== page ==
DGS is a term I use as I have struggled with Darwinian feminist in the past.  There is already a great deal of work that one could label DGS; the work of David Buss for instance.  I sometimes prefer it because my interest is in sexual selection and the way men and women make their way through life wanting essentially the same things from an evolutionary perspective (to survive and procreate) but have different proximate strategies to those ultimate goals. I see the study of women as meaningless without also studying men - and their offspring, and traditionally feminism is the study of women only. The term feminism has a huge amount of political baggage too. Like someone said further up the thread, its a bit of a tangled bank.

If its possible to attach pdfs though I could post a couple of the most recent papers on DGS/darwinian feminism/feminist darwinians.  There is a paper by Buss and Schmitt on my blog re EP and feminism which is current too.  

I wrote this in response to the thread and questions re a feminist expert - apols for length.  Will be better to just respond to individuals after getting this out of the way..!



I am not a feminist in the orthodox sense. For one,  I am a Darwinian feminist, and as such represent everything orthodox feminism stands against  - biological determinism, male superiority, female passivity -  (I know that Darwinism doesn't stand for any of these things, but most feminists still do  unfortunately.)

The first problem with defining feminism (which today means 2nd wave feminism – a very different movement from the  1st wave) is that any feminist will tell you that there is not one feminism – but many feminisms; Marxist feminism, socialist feminism, post-modern feminism, standpoint feminism, black feminism to name a few. The multiplicity of standpoints in feminism represents female intrasexual competition to me as a Darwinist, but feminists themselves struggle with this idea, as  it appears to be at odds with a utopian sisterhood.

One thing they do seem to be able to agree on is that patriarchy is the enemy. Each has slightly different conceptions of what patriarchy is, but all agree that it is a socially constructed phenomena which is enforced by socially constructed notions of sex and gender which equate to male supremacy and female inferiority and that the dismantling of patriarchy is central to the metafeminist project.

The only feminist excpetion to this rule is liberal feminism (alla Betty Friedan - see Falaudi's Backlash for what radical feminists think of her) who do not advocate social revolution (the over throwing of a patriarchy for a matriarchy) but social improvements for all.  To this end they are generally labelled conservative feminists – see critcs of Christina Hoff Sommers (the conservative meant to be a pejorative, especially in the UK) or just antifeminists. Evolutionary psychologist Anne Campbell is a feminist Darwinian, as is Sarah Blaffer Hrdy (though I think she prefers 'distaff darwinian'; evolutionary philosopher Helena Cronin is also a feminist darwinian. (See hopefully soon to be attached paper by Vandermassen re the distinction between feminist darwinians and darwinian feminists.) My phd is going to be in the evolutionary origins of patriarchy – I won a place at Durham this year but funding fell through so I'm back as an independent for the moment.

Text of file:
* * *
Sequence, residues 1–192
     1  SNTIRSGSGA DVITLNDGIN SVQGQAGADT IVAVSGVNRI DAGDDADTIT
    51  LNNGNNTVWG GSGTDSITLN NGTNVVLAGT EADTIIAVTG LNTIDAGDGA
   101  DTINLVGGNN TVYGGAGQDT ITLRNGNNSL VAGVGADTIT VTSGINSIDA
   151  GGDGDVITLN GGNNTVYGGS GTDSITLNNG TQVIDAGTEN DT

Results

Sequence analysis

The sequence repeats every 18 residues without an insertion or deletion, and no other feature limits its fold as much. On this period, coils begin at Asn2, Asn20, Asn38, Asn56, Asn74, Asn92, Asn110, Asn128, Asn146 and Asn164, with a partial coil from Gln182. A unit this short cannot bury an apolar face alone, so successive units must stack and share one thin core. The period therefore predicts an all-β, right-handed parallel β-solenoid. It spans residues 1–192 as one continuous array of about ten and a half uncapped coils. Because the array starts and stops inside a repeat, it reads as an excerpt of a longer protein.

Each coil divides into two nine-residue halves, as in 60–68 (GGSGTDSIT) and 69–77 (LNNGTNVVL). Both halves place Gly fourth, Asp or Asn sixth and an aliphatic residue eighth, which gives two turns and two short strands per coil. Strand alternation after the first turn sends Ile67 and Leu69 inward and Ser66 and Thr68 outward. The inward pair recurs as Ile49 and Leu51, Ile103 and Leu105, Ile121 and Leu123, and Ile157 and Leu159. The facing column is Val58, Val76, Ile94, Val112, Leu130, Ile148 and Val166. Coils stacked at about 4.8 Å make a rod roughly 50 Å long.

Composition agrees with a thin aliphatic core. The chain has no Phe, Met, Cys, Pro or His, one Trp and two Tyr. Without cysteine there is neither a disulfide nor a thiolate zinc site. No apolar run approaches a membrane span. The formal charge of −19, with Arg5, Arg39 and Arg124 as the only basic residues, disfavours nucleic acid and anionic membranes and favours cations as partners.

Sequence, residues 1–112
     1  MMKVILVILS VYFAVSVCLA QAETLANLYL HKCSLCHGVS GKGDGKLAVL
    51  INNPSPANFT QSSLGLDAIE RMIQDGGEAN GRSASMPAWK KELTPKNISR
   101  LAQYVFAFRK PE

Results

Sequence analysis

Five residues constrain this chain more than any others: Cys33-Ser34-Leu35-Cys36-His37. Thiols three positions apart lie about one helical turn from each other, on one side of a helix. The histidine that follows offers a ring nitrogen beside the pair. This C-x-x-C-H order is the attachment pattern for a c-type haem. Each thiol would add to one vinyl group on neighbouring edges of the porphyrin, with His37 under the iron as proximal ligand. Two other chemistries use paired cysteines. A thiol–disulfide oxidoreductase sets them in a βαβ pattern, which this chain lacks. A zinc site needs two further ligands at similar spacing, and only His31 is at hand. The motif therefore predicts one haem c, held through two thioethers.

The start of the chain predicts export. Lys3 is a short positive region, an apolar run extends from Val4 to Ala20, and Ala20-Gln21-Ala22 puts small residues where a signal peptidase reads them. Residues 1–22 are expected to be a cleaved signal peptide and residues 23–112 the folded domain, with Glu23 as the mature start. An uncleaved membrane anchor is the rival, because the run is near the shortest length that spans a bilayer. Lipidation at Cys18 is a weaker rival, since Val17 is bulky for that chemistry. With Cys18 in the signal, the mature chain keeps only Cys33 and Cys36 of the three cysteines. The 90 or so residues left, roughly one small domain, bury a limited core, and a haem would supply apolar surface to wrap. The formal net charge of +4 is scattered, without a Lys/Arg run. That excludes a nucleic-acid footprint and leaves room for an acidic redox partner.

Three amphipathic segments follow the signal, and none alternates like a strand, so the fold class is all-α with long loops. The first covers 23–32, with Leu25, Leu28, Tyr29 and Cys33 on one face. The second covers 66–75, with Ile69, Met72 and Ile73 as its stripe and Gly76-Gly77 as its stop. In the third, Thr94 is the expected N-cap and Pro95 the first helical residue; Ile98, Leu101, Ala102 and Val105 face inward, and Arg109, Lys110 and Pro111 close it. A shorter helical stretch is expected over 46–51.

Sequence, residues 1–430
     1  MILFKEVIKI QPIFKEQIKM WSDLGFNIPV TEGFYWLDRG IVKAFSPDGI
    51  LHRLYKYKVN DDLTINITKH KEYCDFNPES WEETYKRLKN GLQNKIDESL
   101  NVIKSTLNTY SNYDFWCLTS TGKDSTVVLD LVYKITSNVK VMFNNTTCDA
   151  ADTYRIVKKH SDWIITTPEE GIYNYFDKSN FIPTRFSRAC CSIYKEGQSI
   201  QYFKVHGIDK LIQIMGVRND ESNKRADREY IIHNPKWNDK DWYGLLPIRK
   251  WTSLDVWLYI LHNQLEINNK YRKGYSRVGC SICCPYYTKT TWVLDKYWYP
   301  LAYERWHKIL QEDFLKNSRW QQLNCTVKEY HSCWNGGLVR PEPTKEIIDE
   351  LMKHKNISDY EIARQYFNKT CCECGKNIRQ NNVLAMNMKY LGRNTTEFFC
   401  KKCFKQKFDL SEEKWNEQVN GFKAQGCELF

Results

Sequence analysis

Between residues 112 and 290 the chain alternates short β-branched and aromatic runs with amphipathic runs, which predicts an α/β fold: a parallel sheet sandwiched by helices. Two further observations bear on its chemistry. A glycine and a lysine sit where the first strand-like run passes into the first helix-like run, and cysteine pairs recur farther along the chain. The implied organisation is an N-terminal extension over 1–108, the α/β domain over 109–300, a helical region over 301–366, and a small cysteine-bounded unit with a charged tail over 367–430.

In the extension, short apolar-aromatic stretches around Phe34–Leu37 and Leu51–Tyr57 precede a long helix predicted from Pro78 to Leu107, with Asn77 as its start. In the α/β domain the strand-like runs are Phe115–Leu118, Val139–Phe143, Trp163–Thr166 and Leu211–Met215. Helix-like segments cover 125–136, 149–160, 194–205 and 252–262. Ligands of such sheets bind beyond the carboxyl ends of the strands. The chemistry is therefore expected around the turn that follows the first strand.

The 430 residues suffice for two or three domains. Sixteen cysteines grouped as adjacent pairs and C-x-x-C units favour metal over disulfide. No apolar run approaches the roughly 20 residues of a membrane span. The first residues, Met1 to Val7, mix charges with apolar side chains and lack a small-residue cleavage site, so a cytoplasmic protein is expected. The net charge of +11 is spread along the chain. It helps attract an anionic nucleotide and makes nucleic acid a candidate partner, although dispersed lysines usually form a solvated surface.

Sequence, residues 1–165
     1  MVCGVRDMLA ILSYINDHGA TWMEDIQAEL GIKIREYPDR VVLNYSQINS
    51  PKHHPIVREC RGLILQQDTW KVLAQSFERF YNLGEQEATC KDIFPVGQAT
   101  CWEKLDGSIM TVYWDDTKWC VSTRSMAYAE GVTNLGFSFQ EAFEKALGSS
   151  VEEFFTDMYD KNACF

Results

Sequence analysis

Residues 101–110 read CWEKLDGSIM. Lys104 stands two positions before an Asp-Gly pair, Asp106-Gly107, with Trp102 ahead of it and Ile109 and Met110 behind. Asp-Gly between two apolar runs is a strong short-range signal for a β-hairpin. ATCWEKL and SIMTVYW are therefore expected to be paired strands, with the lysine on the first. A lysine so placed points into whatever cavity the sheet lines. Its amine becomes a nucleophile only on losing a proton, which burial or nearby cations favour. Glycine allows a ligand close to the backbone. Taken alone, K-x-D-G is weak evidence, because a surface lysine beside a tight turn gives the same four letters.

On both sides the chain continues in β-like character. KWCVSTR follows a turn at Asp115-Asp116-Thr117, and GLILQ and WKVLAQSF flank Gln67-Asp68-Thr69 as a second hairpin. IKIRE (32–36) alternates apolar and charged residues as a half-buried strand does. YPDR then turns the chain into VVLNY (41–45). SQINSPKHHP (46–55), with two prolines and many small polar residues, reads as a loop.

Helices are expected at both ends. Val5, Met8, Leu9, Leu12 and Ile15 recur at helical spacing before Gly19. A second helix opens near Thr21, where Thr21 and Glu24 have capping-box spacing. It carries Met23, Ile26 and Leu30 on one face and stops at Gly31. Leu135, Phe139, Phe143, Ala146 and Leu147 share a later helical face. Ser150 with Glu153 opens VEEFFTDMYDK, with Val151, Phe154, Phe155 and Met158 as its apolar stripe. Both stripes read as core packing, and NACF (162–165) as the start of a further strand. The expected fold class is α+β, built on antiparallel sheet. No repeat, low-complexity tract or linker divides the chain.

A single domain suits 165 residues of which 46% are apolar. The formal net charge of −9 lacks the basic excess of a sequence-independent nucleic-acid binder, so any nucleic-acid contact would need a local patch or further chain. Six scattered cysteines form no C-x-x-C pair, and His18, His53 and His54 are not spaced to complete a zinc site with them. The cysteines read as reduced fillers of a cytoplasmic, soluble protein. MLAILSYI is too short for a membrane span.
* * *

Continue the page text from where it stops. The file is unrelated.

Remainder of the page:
So, I am probably a specialist in Darwinian feminism and Darwinian gender studies, though I'm not PhD level. I have studied a lot of orthodox feminist theory along the way, but I am a rationalist not a construtivist and so would probably be labelled antifeminist by an orthadox feminist, even though my interests are in examining evolution via a female perspective and better understanding female dilemmas within the context of sexual selection, etc.
Nice to be here by the way.

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Twitter: @evolutionaryfem
https://www.facebook.com/group.p....4842234
http://dispatchesfromtheclaphamomnibus.blogspot.com/....pot.com

   
Schroedinger's Dog



Posts: 1691
Joined: Jan. 2009

(Permalink) Posted: Nov. 17 2011,15:11   

Hello Verbena, and welcome to AtBC!

After reading a couple of your posts, I have to say your input here will be highly appreciated. Thanks a lot for participating, drinks on the house, bathroom (and its wall) easy enough to find...

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"Hail is made out of water? Are you really that stupid?" Joe G

"I have a better suggestion, Kris. How about a game of hide and go fuck yourself instead." Louis

"The reason people use a crucifix against vampires is that vampires are allergic to bullshit" Richard Pryor

   
fnxtr



Posts: 2120
Joined: June 2006

(Permalink) Posted: Nov. 17 2011,15:19   

I wonder whether "The Patriarchy" is in fact a consequence of evolution -- in the strictly biological sense -- or a deliberate (conscious, free-will, w.h.y.) perpetuation of social choices by those traditionally in power.